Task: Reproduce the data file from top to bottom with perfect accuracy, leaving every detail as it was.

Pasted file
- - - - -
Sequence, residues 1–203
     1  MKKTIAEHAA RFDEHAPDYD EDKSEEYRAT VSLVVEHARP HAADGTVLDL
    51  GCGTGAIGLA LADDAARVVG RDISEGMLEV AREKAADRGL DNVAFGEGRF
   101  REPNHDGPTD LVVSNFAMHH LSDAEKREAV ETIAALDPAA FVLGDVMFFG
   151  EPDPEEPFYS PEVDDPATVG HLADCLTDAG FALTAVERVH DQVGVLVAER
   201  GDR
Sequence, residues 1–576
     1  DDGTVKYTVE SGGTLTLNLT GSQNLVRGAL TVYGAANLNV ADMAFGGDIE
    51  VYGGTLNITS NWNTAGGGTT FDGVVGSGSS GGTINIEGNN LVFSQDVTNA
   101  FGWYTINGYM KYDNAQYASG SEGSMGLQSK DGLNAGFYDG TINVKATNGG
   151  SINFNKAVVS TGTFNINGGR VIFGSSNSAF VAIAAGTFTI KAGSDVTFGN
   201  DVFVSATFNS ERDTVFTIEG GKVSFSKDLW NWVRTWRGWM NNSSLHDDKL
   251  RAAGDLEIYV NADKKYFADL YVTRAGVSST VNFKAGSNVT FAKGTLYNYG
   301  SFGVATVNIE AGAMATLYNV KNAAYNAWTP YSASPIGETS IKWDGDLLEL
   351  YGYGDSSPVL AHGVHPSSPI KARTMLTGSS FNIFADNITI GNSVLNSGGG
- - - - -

Sequence, residues 1–203
     1  MKKTIAEHAA RFDEHAPDYD EDKSEEYRAT VSLVVEHARP HAADGTVLDL
    51  GCGTGAIGLA LADDAARVVG RDISEGMLEV AREKAADRGL DNVAFGEGRF
   101  REPNHDGPTD LVVSNFAMHH LSDAEKREAV ETIAALDPAA FVLGDVMFFG
   151  EPDPEEPFYS PEVDDPATVG HLADCLTDAG FALTAVERVH DQVGVLVAER
   201  GDR
Sequence, residues 1–576
     1  DDGTVKYTVE SGGTLTLNLT GSQNLVRGAL TVYGAANLNV ADMAFGGDIE
    51  VYGGTLNITS NWNTAGGGTT FDGVVGSGSS GGTINIEGNN LVFSQDVTNA
   101  FGWYTINGYM KYDNAQYASG SEGSMGLQSK DGLNAGFYDG TINVKATNGG
   151  SINFNKAVVS TGTFNINGGR VIFGSSNSAF VAIAAGTFTI KAGSDVTFGN
   201  DVFVSATFNS ERDTVFTIEG GKVSFSKDLW NWVRTWRGWM NNSSLHDDKL
   251  RAAGDLEIYV NADKKYFADL YVTRAGVSST VNFKAGSNVT FAKGTLYNYG
   301  SFGVATVNIE AGAMATLYNV KNAAYNAWTP YSASPIGETS IKWDGDLLEL
   351  YGYGDSSPVL AHGVHPSSPI KARTMLTGSS FNIFADNITI GNSVLNSGGG